Breaking News

S&P 500 Closes at All-time High Off 0.4% Rise
Tweet TWEET

Taiwan Stocks: Nan Ya Printed, Radiant, Richtek, Sino-American

Shares of the following companies had unusual moves in Taiwan trading. Stock symbols are in parentheses and prices are as of the close in Taipei.

The Taiex Index rose 0.2 percent to 7,233.69, the highest close since Nov. 18. Today’s the last day of trade in Taiwan before it closes for Chinese New Year. The stock market will resume on Jan. 30.

Nan Ya Circuit Board Corp. (8046) (8046 TT), a supplier of printed circuit boards to Apple Inc., jumped 5.5 percent to NT$68.90, set for the highest close since Dec. 1, after Digitimes reported that shipments for the next-generation iPad would reach about 40 million this year.

Radiant Opto-Electronics Corp. (6176) (6176 TT) gained 5.2 percent to NT$103, the highest close since Sept. 16. The share-price estimate was raised 15 percent to NT$121 at Daiwa Capital Markets.

Richtek Technology Corp. (6286) (6286 TT) climbed 5.3 percent to NT$159, the highest close since Aug. 4, on expectation the integrated circuit maker’s first-quarter revenue will be better than the industry, spurred by new clients, said Chelsey Su, an analyst at Masterlink Securities Corp. KC Chang, a spokesman for the company, didn’t immediately answer calls to his office.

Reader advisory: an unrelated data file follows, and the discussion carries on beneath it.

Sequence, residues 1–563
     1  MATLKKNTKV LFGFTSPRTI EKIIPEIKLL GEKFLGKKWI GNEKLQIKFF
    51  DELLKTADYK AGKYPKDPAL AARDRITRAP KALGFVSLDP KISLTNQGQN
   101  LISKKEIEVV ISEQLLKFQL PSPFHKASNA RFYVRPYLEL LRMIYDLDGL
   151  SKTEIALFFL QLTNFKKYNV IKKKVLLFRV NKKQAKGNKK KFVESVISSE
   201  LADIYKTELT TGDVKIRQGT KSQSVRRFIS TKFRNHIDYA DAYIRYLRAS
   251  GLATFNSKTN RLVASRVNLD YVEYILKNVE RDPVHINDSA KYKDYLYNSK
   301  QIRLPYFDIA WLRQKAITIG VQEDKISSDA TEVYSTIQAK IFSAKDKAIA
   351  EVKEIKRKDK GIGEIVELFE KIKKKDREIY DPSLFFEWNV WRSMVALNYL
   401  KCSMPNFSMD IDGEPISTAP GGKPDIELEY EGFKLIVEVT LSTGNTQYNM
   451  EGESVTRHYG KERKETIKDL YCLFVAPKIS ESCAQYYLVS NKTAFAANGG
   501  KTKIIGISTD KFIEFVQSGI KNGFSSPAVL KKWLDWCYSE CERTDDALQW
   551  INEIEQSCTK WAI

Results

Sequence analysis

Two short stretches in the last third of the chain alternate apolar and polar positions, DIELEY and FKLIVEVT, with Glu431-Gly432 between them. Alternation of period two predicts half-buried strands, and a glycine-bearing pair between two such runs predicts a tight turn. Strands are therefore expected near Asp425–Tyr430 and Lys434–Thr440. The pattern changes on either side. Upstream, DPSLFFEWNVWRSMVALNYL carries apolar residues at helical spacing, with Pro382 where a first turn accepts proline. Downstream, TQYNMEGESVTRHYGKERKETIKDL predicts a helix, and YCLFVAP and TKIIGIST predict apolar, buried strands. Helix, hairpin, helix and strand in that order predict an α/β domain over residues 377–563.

Sino-American Silicon Products Inc. (5483) (5483 TT) surged 6.2 percent to NT$54.90, the highest close since Oct. 17, tracking the gains of solar stocks overnight, said Daniel Tzeng, an analyst at Fubon Securities Co. Solar stocks in the U.S. rose on anticipation that lower-than-expected subsidy cuts in Germany will spur demand while an oversupply of panels may lead to consolidation.

Yang Ming Marine Transport Corp. (2609) (2609 TT) retreated 3.5 percent to NT$12.25, the lowest close since Jan. 2. Standard & Poor’s said in a statement yesterday thinning margin and weak demand will heighten the likelihood of recession for Taiwan’s non-technology companies in 2012. Container shipping is among the industries that will experience greatest credit deterioration if the global economy were to slow down significantly, according to the S&P statement.

To contact the reporter on this story: Weiyi Lim in Singapore at wlim26@bloomberg.net

To contact the editor responsible for this story: Darren Boey at dboey@bloomberg.net

Press spacebar to pause and continue. Press esc to stop.

Bloomberg reserves the right to remove comments but is under no obligation to do so, or to explain individual moderation decisions.

Please enable JavaScript to view the comments powered by Disqus.